What forage should I feed my laminitis prone horse or pony?

Conserved forage, such as hay and haylage , is the cornerstone of the laminitis prone horse’s diet; as they typically spend longer periods stabled, or in a no-grass area. When it comes to food for laminitic horses, people often think about the bucket feed first. However, as it forms such a large part of the diet, it is just as important to ensure that the forage is appropriate.

What’s more suitable, hay or haylage for laminitics?

This isn’t an easy question to answer. The current advice is that the best hay or haylage for laminitics is one with less than 10% non-structural carbohydrate (NSC), which is the sum of water-soluble carbohydrate and starch added together on a dry matter basis. How much NSC a forage contains is impossible to predict and is hugely variably according to the types of grasses, age at harvest, and environmental conditions during growth and at harvest. The key piece of advice when purchasing a forage is therefore to ask for an analysis, or get the forage tested if an analysis isn’t available. If well made, the NSC of haylage can be lower than hay, but this isn’t always the case.

When it comes to hay or haylage for laminitics, another factor to consider is your horse’s weight. Traditionally, haylage was cut earlier than hay, meaning that the grasses were more digestible. For good do-ers prone to weight gain, haylage was less useful for managing their waistlines and so hay was more frequently recommended. Today there are a number of commercial haylages available that are higher in fibre and lower calorie, making them more suitable for the good do-er and those that are laminitis prone; providing they are low NSC. These can be particularly useful when hay quality is poor, or for horses that additionally have respiratory issues.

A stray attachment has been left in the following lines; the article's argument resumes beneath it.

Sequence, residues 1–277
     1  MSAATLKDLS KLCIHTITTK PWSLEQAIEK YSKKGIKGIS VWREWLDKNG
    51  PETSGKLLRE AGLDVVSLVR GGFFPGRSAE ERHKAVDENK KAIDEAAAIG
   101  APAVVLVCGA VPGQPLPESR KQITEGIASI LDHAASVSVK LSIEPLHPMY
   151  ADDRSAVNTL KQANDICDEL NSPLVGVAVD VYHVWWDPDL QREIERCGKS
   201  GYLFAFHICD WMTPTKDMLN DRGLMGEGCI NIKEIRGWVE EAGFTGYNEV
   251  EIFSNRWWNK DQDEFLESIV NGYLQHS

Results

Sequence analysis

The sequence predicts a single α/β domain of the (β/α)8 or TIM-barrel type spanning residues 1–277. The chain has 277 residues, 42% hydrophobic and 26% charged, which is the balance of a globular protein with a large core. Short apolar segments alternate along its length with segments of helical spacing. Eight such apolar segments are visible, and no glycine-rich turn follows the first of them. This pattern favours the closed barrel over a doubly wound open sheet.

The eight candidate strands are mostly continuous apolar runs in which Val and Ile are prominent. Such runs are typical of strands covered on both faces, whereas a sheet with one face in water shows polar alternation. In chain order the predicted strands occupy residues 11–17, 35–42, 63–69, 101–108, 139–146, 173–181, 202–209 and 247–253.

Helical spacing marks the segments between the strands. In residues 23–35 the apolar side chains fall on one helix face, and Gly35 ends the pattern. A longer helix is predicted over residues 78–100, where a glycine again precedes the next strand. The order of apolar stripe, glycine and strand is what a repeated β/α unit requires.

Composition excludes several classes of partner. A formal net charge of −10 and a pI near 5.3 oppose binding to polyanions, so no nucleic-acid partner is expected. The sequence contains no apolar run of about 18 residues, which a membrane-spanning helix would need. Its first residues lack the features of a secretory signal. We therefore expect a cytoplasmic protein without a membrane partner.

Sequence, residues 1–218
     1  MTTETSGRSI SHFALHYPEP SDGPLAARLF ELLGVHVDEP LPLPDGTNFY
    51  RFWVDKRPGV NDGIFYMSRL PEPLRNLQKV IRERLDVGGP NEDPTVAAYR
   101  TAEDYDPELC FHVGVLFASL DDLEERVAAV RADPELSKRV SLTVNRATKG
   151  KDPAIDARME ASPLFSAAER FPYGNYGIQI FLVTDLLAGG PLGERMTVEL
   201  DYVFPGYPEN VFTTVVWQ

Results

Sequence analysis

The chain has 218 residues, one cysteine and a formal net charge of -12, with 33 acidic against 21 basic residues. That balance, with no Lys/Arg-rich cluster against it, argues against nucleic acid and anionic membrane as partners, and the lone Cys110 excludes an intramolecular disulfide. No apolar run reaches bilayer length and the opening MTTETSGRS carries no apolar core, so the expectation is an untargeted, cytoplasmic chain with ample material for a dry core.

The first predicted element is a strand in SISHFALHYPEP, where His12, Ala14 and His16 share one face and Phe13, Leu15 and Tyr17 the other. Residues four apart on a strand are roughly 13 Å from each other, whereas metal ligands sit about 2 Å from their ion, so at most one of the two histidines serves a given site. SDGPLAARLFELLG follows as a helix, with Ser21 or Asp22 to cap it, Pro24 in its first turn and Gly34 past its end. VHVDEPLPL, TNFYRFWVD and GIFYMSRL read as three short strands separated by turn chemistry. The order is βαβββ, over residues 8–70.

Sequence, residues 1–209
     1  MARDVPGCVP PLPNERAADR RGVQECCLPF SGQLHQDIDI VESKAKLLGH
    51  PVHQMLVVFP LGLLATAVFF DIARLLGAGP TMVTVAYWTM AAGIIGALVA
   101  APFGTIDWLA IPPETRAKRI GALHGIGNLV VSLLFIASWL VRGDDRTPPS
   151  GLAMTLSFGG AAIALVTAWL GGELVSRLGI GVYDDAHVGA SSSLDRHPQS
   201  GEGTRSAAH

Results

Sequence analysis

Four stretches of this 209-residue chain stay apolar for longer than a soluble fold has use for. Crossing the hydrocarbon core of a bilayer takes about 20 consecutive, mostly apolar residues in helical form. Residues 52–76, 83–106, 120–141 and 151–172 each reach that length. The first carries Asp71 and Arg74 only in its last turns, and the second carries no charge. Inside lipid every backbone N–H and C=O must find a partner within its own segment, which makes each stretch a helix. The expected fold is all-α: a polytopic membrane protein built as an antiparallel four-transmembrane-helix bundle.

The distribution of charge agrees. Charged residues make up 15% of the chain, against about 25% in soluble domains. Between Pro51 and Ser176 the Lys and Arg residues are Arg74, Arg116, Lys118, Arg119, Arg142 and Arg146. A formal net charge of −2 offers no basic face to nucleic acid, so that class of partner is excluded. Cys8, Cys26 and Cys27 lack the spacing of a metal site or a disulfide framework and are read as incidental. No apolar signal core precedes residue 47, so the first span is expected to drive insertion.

Some sources have advised against using haylage for laminitis prone individuals, but the scientific evidence to date has been inconclusive. One study found a higher insulin response to haylage compared to dry and soaked hay. High circulating levels of insulin in the blood are of concern as it is thought to link to laminitis. However, the NSC of the haylage used in this study was higher than the hay which would explain these results; rather than simply being an effect of consuming haylage. Another study compared haylage with varying levels of NSC and found that the impact of insulin sensitivity was diminished when NSC was low. Whatever your forage choice, they key message remains: get it tested and select forages with low levels of NSC for laminitis prone individuals.

Hi-Fi Lite hay replacer horse feed

What about forage replacers?

Hi-Fi Lite Fibre Feed

Another alternative to traditional long stemmed forages is to use a short chop hay replacer, which can be deemed one of the best forage based horse feeds for those with laminitis. This can be useful when the nutritional content of the forage is unknown, forage is in short supply, or when the horse struggles to chew long-stem fibres. Dengie Hi-Fi Lite can be used as a total forage replacement. Combining chopped alfalfa and straw with a light molasses coating, Hi-Fi Lite provides just 7.5MJ/kg digestible energy, 7% sugar and 1.5% starch. Hi-Fi Molasses Free can be used to partially replace the forage ration, up to 1kg per 100kg of your horse’s bodyweight daily, and provides 8.5MJ/kg DE, 2.5% sugar and 1.5% starch.

At Dengie, we pride ourselves on offering some of the best high fibre feeds for horses with laminitis. If you’re looking for information or advice on the best hay or haylage for your laminitic , please contact the Dengie Feedline on 01621 841188 or fill out the feed advice form.

Carslake, H.B. Argo, C.McG. Pinchbeck, G.L. Dugdale, A.H.A. McGowan, C.M. (2018) Insulinaemic and glycaemic responses to three forages in ponies. The Veterinary Journal, 235, pp. 83-89.

Lindåse, S. Müller, C. Nostell, K. Bröjer, J. Evaluation of glucose and insulin response to haylage diets with different content to nonstructural carbohydrate in 2 breeds of horses. Domestic Animal Endocrinology, 64, pp. 49-58.